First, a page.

In scientific visualization, texture advection is a family of methods to densely visualize vector fields or flows (like the wind movement of a tornado). Scientists can use the created images and animations to better understand these flows and reason about them. In comparison to techniques that visualise streamlines, streaklines, or timelines, methods of this family don't need any seed points and can produce a whole image at every step.
The methods have in common that they bend a whole image (or texture) according to the flow to create a new image that is warped by the flow. If that is done in small enough time steps and often enough, the images can be combined to create an animation visualising the flow.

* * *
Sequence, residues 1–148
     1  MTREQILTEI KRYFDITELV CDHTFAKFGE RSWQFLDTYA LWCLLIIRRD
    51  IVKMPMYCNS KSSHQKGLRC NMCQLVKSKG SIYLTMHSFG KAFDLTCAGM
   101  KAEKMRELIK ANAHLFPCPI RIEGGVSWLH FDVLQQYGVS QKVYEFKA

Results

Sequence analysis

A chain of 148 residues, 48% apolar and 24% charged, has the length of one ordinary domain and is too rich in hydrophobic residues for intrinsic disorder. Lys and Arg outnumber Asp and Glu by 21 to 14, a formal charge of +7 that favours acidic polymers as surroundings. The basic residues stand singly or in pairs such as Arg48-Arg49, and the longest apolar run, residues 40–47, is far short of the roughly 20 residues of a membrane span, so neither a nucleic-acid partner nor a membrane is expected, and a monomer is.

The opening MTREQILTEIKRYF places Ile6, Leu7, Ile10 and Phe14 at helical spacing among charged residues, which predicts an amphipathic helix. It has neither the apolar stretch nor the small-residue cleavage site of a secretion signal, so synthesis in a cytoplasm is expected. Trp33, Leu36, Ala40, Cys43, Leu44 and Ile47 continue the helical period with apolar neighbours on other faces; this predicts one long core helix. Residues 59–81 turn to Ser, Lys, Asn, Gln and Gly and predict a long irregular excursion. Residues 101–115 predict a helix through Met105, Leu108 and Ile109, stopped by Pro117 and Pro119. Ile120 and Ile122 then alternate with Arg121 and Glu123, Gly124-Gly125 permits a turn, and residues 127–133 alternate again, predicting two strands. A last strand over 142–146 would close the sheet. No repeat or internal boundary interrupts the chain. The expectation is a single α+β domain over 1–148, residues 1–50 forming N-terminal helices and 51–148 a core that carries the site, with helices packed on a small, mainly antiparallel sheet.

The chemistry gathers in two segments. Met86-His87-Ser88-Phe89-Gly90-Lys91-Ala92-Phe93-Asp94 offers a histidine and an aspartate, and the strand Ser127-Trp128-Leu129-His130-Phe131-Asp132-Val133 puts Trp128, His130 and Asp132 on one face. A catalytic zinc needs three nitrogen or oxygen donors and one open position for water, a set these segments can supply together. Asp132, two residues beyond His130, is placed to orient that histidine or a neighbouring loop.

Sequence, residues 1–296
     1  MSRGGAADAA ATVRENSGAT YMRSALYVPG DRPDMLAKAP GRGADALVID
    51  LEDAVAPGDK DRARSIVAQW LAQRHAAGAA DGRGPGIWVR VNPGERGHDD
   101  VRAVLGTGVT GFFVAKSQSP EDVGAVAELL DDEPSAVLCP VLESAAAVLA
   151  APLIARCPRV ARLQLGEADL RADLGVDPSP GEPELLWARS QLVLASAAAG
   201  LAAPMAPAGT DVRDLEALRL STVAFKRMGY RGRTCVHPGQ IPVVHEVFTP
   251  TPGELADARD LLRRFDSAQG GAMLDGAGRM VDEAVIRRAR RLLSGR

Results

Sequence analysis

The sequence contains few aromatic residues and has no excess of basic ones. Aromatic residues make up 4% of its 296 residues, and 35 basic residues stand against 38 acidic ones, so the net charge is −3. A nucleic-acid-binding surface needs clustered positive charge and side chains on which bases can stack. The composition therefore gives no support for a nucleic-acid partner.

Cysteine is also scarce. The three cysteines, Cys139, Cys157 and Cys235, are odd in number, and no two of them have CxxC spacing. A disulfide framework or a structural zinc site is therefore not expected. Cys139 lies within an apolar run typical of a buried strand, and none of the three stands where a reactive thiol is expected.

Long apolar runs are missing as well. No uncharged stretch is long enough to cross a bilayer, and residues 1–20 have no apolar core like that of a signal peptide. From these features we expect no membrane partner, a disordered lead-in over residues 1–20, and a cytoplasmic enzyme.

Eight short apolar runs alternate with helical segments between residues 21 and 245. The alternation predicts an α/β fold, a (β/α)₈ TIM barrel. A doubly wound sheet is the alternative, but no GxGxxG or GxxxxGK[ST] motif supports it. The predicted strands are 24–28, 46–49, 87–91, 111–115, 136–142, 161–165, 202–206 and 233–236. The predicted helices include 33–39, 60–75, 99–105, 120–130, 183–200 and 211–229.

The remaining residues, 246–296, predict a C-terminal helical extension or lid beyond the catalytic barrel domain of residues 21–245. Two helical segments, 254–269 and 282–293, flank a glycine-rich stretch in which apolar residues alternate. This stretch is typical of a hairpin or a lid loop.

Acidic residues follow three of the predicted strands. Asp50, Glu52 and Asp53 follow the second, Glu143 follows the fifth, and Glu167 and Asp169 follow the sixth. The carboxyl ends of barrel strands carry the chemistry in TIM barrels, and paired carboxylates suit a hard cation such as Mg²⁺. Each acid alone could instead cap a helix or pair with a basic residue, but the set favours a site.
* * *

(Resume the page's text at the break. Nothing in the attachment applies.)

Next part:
- Laramee, Robert S.; et al. (2006). "Texture Advection on Stream Surfaces: A Novel Hybrid Visualization Applied to CFD Simulation Results" (PDF). Eurographics/ IEEE-VGTC Symposium on Visualization. The Eurographics Association. Retrieved September 2, 2012.
- Jobard, Bruno; et al. (2000). "Hardware-accelerated texture advection for unsteady flow visualization". VIS '00 Proceedings of the conference on Visualization '00. IEEE Computer Society Press. pp. 155–162. Retrieved September 2, 2012.
- Bousseau, Adrien; et al. (2007). "Video watercolorization using bidirectional texture advection". SIGGRAPH '07 ACM SIGGRAPH 2007 papers, Article No. 104. ACM. Retrieved September 2, 2012.
|This computer graphics–related article is a stub. You can help Wikipedia by expanding it.|
|This computer science article is a stub. You can help Wikipedia by expanding it.|